Junior League

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Junior League

Jay Chapman from Zing takes a look at the ideal 12-point blueprint for qualifying competent, confident and salon-ready juniors.

Amidst the day-to-day cut and thrust of a busy salon, you might feel that simply getting your juniors across the line and qualified is all you can manage. If so, you’re letting down the industry, the rest of your team, your business and yourself.

Why not step-up and shape a team of amazing young professionals who are confident, competent and totally ready to help make your salon rock?

1. Engage and inspire.

You must lead by example. Monkey see, monkey do! You have to bring your A game every single day and practice what you preach. It’s your salon — instil your culture from the get-go and forge an exciting, rewarding path that your juniors are inspired to follow.

2. Teach consultation beyond the dolly-head.

Client consultation is paramount to the service we deliver. Mannequins make a great starting point for novices, but there’s no substitute for a living, breathing person sitting in your chair, giving you feedback to ponder, challenges to solve and questions to work with. Don’t deny your juniors the opportunity and experience of interacting with your clients every day. Let them learn how to build rapport and manage the expectations of real people, not Susan the dolly-head.

3. Boost communication with trade school.

There’s often a huge disconnect between what you’re teaching in the salon and what’s being taught at trade school where teachers are overseeing the education of many, many students. Close the gap by making an effort to schedule diary time to chat with junior’s educators about curriculum, progress and learning outcomes.

4. Get them cutting.

It takes years to master the art of cutting, so get your juniors started early. I’ve always got scissors in the hands of my salon juniors within their second week. Give me a week with a motivated apprentice and I can teach them how to apply a tint with their eyes closed! Cutting, on the other hand, takes time and practice to perfect.

5. Show them how to read the play.

Being a team player doesn’t come naturally to everyone— you need to show them how to read the play. Walk together from the font salon to the back, showing them what you notice and how they can suport the team. Being able to jump in and mix more colour, handle point of sale or take timings for colour clients without being asked pushes team culture and respect sky high. Work flows smoothly and your clients appreciate your efficient team.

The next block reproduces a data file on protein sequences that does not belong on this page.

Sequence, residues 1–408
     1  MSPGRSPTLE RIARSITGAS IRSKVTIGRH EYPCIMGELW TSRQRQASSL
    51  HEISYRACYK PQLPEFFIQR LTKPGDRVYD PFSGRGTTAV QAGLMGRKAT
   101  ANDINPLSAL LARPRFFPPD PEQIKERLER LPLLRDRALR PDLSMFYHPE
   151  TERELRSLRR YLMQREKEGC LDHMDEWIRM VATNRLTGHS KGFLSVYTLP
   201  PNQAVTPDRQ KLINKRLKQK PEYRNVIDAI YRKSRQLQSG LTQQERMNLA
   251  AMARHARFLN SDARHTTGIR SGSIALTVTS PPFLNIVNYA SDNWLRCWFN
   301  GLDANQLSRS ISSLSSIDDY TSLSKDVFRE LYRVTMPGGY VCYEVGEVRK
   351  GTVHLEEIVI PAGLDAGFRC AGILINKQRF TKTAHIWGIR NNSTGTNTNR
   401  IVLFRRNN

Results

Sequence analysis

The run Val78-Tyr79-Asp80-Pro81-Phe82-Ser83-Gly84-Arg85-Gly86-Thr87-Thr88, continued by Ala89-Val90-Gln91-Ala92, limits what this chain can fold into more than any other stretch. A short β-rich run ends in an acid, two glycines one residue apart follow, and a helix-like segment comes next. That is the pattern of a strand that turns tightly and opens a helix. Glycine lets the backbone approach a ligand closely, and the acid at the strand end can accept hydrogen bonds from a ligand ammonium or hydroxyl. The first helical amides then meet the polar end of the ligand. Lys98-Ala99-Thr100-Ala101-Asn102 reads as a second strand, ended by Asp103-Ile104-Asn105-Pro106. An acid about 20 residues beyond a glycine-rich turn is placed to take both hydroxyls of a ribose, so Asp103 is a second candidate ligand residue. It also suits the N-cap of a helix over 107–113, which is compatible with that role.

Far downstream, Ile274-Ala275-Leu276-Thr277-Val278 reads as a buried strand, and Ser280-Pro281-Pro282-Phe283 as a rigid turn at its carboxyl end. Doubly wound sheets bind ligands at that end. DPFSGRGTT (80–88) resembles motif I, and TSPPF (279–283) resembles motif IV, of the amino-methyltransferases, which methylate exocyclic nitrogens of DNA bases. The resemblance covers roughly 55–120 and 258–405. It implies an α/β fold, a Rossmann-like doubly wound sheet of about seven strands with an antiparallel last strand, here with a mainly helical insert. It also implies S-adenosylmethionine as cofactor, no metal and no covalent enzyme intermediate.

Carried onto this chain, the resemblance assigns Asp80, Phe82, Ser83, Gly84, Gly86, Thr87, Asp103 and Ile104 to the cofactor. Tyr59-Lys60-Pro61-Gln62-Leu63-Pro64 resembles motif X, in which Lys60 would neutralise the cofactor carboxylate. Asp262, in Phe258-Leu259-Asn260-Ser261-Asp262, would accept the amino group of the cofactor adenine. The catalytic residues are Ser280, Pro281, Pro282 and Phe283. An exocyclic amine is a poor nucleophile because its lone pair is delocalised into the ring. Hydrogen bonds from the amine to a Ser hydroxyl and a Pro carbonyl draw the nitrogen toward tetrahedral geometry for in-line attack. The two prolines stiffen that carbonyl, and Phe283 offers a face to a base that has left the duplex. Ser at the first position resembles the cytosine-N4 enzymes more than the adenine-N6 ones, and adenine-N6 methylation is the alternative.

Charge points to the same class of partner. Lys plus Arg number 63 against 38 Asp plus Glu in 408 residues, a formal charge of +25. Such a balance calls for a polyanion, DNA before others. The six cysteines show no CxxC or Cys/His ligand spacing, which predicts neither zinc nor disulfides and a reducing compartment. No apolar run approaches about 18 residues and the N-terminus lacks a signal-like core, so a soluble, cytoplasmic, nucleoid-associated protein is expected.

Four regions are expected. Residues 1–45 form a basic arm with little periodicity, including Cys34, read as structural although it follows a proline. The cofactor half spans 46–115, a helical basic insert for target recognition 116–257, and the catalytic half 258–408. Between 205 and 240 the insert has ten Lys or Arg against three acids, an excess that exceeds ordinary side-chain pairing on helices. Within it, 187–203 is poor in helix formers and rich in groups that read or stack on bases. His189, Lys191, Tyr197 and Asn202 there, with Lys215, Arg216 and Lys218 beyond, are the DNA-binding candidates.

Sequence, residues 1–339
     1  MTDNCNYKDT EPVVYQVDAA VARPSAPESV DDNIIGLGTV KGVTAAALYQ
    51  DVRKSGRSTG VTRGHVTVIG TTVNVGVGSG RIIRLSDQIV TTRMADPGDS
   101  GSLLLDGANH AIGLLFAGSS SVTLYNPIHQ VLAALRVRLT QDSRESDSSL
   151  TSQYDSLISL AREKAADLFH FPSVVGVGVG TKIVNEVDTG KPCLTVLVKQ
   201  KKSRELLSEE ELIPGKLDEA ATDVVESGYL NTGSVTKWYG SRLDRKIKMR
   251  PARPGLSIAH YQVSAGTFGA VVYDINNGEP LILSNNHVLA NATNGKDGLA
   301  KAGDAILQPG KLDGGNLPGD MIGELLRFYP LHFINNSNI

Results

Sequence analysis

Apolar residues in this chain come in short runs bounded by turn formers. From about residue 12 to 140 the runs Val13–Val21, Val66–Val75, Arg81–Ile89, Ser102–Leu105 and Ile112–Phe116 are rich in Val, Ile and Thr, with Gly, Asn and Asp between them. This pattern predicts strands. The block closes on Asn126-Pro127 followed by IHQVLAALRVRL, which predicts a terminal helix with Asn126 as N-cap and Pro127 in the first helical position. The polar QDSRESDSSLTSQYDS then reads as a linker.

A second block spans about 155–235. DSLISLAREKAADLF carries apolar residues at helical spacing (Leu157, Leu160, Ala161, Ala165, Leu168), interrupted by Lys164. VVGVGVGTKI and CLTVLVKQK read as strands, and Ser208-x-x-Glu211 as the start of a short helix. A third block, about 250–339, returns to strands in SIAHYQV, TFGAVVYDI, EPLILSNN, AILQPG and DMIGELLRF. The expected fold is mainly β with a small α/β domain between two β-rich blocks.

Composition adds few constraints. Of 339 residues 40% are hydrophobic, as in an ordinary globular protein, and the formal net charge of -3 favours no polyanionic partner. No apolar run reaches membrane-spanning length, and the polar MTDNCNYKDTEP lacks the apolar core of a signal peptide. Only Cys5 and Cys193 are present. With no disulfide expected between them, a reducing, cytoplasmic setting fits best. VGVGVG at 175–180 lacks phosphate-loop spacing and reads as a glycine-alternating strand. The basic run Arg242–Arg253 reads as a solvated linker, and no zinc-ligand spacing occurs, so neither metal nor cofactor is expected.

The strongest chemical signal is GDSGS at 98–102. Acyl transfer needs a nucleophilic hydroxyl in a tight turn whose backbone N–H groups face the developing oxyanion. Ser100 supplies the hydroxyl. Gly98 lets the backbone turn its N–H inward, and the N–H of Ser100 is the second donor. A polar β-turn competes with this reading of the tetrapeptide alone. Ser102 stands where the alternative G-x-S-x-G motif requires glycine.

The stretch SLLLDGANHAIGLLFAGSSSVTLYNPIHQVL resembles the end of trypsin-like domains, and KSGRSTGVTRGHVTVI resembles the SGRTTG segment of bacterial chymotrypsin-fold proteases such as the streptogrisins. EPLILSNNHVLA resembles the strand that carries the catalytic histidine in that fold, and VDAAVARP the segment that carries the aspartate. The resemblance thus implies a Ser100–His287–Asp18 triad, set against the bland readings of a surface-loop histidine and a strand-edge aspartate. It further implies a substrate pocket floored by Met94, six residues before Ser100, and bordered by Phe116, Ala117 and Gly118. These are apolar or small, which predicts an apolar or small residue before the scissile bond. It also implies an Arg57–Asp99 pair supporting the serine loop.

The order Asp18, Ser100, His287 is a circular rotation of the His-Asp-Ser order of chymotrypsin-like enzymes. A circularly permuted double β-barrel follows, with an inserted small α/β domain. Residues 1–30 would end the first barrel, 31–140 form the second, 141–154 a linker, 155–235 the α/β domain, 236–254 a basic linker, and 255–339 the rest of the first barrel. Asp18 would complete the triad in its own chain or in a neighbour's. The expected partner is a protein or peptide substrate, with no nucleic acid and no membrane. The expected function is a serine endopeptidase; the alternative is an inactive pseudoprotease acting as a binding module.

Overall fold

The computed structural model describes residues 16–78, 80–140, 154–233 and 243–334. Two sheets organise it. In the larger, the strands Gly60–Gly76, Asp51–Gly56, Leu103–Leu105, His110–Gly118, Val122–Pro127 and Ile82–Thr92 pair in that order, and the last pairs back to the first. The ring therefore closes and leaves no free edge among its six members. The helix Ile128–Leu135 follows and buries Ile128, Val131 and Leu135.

6. Set S.M.A.R.T. goals.

Thing carrot, not stick. ENgage your juniors by setting them a goal to follow, sharing their wins and rewarding their achievements. Use the S.M.A.R.T goals format to increase everyone’s idea of success.

S – SPECIFIC
M – MEASURABLE
A – ACHIEVABLE
R – REALISIC
T – TIMEFRAME

7. Plan like a boss.

I’m yet to meet a salon owner who’s built a successful business through guess work and stabbing in the dark. You absolutely must have a plan to grown your business and the same rule applies for training your team. If I asked to see your plan, right now, would you have anything to show me?

8. Make the time to train.

Henry Ford said, “The only thing worse than training employees and having them leave is not training them and having them stay.” HEnry was a smart guy! You must make time in your week (every week) to train your juniors.

9. Teach the big picture.

Great salon culture is built on delivering more than simply a service — your clients want an expert and an experience from the moment they walk through your door to the follow-up onece they’ve left. You need to systemise the complete experience and instill it in your juniors as they’re training. Technical trsaining is only half the picture.

10. Impart the power of problem solving.

Problem solving si the essence of what we do. From day one, teach your juniors how to use service and retail products to solve client’s hair challenges. As a salon coach, I often have to train newly qualified hairdressers in ‘suggestion thinking’. It’s like opening a whole new door for them. A good hairdresser looks after the needs of the client, both in the salon and between visits.

11. Stop hogging the ball.

There’s a saying: You don’t keep a dog and bark yourself. No, I’m not calling your junior a dog! What I’m saying is this: If you’re still shampooing, rinsing, toning, tinting, blow-drying and performing basin services, you’re denying your juniors an opportunity to learn and interact with your clients. Stop hogging the ball! Go through your day sheet and check off what tasks you can delegate. You’ll be surprised just how capable your junior team members are if you just give them a chance.

12. Outsource the education.

We all have strengths when it comes to training in certain areas. I could show a junior how to blow-dry hair so it’d last a week! Brainstorm and outsource specific training roles to your team members, matching up their specialist skills. Sharing the load exposes your juniors (and your seniors) to a wider range of ideas and experiences. That’s a win for everyone involved. Never, ever stop training, teaching and improving your salon team – or yourself!

Jay is a specialist ZING salon coach. For more salon wisdom email ZING at [email protected], visit the website, find video tips on Youtube or read ZING leader Liza Conway’s brand new book: Your Salon Team – the salon owner’s guide to finding, motivating and keeping great staff. www.zingcoach.com.au

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